There was also a positive development in the Supreme Court case that came from an unlikely source: University of California Davis agricultural economics professors. U.C. Davis is one of the most prominent agricultural schools in the country and is frequently hired by agribusiness to conduct industry-focused research. The National Pork Board funded two of the school’s top agricultural economists to analyze the effects of Proposition 12 in 2018. In Friday’s filing, the researchers told the Supreme Court that the industry’s claims of out-of-state economic damage from Proposition 12 are entirely unsupported by their research, and some “lack any plausible basis,” while others defy “common sense” and “simple economic incentives.” In summary, the economists assert that “as a matter of both economic theory and empirical data, [the industry’s] central economic arguments are erroneous and implausible.”

The other briefs filed on Friday night were mostly from the usual suspects aligned with the pork industry. We will respond to the pork industry’s bogus arguments, and a wide group of concerned experts and public interest groups also plan to submit briefs showing that not only does Proposition 12 align with legal precedent, but most importantly that it is in the best interests of animals, consumers, farmers, workers and the planet.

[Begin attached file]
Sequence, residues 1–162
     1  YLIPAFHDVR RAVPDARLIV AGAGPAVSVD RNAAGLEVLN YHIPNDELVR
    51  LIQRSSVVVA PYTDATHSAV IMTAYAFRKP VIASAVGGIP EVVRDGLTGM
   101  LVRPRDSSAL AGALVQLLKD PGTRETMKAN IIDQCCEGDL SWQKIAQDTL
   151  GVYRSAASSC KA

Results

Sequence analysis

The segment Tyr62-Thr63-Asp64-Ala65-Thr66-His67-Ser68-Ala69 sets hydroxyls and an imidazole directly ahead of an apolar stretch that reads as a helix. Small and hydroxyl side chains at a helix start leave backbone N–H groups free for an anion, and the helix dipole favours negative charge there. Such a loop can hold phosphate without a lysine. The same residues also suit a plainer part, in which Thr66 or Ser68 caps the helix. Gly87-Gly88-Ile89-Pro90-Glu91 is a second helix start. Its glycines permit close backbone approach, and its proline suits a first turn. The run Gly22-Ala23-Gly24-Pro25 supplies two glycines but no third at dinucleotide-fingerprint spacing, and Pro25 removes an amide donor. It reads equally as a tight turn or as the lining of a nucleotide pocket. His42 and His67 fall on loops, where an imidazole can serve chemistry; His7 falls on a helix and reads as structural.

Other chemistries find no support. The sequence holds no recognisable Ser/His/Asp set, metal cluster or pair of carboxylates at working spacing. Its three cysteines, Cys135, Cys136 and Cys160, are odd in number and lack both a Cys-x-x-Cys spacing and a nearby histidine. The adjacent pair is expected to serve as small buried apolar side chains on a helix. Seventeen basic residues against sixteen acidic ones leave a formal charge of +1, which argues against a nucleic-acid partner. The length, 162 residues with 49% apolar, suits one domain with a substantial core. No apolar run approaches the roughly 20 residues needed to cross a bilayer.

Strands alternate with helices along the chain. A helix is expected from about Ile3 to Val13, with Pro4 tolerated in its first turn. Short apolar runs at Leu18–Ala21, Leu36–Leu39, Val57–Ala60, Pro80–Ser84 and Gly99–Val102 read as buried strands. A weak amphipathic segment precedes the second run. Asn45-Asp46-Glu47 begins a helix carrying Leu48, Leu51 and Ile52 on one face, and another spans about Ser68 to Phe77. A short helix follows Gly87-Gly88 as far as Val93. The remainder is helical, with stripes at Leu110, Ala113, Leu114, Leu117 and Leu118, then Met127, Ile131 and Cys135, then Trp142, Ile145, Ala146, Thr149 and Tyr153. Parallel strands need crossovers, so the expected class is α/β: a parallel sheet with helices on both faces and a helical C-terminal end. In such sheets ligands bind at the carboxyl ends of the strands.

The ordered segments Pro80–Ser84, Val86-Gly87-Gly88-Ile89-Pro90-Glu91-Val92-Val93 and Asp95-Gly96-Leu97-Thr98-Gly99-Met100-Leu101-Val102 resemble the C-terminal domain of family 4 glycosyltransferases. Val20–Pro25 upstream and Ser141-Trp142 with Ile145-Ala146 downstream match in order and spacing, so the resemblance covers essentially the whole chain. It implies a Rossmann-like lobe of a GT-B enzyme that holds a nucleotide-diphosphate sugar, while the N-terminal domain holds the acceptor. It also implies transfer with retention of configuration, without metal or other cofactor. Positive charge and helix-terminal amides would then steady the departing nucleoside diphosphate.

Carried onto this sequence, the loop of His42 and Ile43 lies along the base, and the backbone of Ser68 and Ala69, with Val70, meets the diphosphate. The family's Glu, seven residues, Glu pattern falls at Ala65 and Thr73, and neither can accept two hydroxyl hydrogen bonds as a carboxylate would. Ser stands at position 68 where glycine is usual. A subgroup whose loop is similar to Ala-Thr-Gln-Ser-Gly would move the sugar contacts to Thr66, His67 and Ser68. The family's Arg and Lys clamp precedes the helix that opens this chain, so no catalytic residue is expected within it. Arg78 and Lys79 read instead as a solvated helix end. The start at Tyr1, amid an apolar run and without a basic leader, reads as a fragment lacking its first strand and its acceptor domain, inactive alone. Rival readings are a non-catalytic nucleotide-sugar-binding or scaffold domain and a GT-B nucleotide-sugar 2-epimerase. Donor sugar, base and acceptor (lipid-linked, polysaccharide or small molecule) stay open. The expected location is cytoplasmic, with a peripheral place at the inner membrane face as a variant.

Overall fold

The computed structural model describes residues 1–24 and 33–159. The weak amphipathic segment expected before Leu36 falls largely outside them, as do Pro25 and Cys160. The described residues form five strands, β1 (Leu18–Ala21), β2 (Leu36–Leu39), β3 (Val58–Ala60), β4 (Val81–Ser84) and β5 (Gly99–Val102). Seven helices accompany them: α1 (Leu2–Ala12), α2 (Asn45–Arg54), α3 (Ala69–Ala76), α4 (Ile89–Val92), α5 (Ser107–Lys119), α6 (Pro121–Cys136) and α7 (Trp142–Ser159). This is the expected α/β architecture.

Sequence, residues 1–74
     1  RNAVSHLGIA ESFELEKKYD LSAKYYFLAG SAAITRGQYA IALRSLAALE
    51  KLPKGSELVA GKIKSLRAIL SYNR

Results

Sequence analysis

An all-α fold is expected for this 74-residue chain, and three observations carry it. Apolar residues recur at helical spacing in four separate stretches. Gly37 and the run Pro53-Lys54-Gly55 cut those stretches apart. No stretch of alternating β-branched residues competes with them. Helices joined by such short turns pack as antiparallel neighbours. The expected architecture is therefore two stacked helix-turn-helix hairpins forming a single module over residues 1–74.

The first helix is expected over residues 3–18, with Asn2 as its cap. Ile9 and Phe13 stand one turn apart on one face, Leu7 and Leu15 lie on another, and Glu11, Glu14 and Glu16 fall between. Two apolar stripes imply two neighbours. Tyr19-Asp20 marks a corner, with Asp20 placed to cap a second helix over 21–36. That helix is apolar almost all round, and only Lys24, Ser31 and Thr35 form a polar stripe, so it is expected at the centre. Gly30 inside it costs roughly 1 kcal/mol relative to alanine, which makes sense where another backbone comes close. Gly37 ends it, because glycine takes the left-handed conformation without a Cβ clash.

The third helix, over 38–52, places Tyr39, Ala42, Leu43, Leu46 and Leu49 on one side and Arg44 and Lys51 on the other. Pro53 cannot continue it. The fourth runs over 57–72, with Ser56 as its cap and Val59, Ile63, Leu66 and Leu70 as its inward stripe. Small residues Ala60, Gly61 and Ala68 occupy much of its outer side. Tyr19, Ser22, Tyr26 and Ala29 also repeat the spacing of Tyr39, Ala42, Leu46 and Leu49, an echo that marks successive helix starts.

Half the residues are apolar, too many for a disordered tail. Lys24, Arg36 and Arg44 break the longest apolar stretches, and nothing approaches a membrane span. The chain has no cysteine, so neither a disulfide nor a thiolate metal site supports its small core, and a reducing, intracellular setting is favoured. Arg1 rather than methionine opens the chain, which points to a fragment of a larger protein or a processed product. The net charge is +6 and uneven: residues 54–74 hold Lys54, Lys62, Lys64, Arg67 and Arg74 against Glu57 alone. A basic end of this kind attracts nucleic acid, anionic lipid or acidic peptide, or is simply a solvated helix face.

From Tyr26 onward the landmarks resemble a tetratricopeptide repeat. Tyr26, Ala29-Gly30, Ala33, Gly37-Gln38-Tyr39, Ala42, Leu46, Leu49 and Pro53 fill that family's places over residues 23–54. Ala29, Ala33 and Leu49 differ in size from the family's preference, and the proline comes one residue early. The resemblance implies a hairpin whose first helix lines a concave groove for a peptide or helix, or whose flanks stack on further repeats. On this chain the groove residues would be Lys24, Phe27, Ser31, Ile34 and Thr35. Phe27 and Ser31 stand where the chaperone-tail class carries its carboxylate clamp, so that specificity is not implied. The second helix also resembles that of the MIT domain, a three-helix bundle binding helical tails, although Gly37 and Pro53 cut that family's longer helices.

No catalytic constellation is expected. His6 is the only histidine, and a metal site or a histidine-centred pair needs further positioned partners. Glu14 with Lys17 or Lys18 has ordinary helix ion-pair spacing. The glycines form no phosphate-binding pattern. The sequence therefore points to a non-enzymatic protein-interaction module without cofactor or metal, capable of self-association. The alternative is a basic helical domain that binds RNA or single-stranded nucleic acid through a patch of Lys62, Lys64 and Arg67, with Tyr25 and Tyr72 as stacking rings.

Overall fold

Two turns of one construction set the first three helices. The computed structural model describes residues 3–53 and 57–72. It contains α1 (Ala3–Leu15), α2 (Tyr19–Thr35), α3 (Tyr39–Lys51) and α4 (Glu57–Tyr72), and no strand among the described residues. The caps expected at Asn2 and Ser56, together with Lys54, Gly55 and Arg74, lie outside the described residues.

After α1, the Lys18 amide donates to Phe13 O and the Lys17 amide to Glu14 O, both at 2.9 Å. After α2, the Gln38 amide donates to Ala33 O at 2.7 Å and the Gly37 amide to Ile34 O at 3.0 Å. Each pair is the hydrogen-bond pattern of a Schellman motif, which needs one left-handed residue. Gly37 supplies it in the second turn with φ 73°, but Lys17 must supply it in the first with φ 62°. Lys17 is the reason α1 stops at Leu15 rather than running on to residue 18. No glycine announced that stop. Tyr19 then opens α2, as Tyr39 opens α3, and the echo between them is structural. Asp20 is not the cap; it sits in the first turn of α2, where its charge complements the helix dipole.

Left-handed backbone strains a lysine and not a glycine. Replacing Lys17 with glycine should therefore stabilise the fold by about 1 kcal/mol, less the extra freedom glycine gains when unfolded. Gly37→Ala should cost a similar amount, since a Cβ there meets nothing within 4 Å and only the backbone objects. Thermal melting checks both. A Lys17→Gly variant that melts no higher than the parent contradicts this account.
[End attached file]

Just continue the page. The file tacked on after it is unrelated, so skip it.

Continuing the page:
We will continue to keep you posted on how this pivotal case develops.

Sara Amundson is president of the Humane Society Legislative Fund.

Farm Animals, Public Policy (Legal/Legislative)

Subscribe to the Blog

Enter your email address below to receive updates each time we publish new content.


Trackback URL | Comments RSS Feed

  1. Alan Alejandro Maldonado Ortiz says:

    Tenemos que tener respeto por la vida ajena y valorarla es injusto que por beneficios económicos hacia una empresa tengan en esas condiciones tan inhumana ciclones a los animalitos y los priven de la vida tan violentamente

  2. Janice Haines says:

    Please think of the animals living in cage where they can’t turn around. I hate to think our President is being influenced by big organizations instead of innocent animals.

  3. Karin erker says:

    Grauenvoll was arme Schweine durch brutale Menschen erleiden müssen. Es sind ganz empfindliche, sensible Tiere. Tiere dürfen nicht eingesperrt leben sie müssen an die frische Luft … wir haben kein Recht Tiere so grausam zu halten und zu töten ohne dass sie artgerecht leben durften. Mehr tierwohl für die Zukunft …

  4. Dorothy Fasack says:

    OMG have all these notables gone out of their mind?
    Animals do have a sense of humanity and would not hurt you unless their lives are threatened by those who want to hurt them.
    Canines and cats are taken care of properly by you. Yes, they do afford us emotional pleasure, but cows and pigs provide us physical. In my hopeful dreams, one day we will not have to digest the meat from these poor animals and just send them to graze in the fields for the rest of their lives. Until that time, since they are surviving until they are needed, why not make it easier for them to live comfortably until that time instead of harboring them in these small cages/areas to produce for us.
    When I visually see these acts of “crimes” I often think of turning into a vegetarian .

Share a Comment

The HSUS encourages open discussion, and we invite you to share your opinion on our issues. By participating on this page, you are agreeing to our commenting policy.
Please enter your name and email address below before commenting. Your email address will not be published.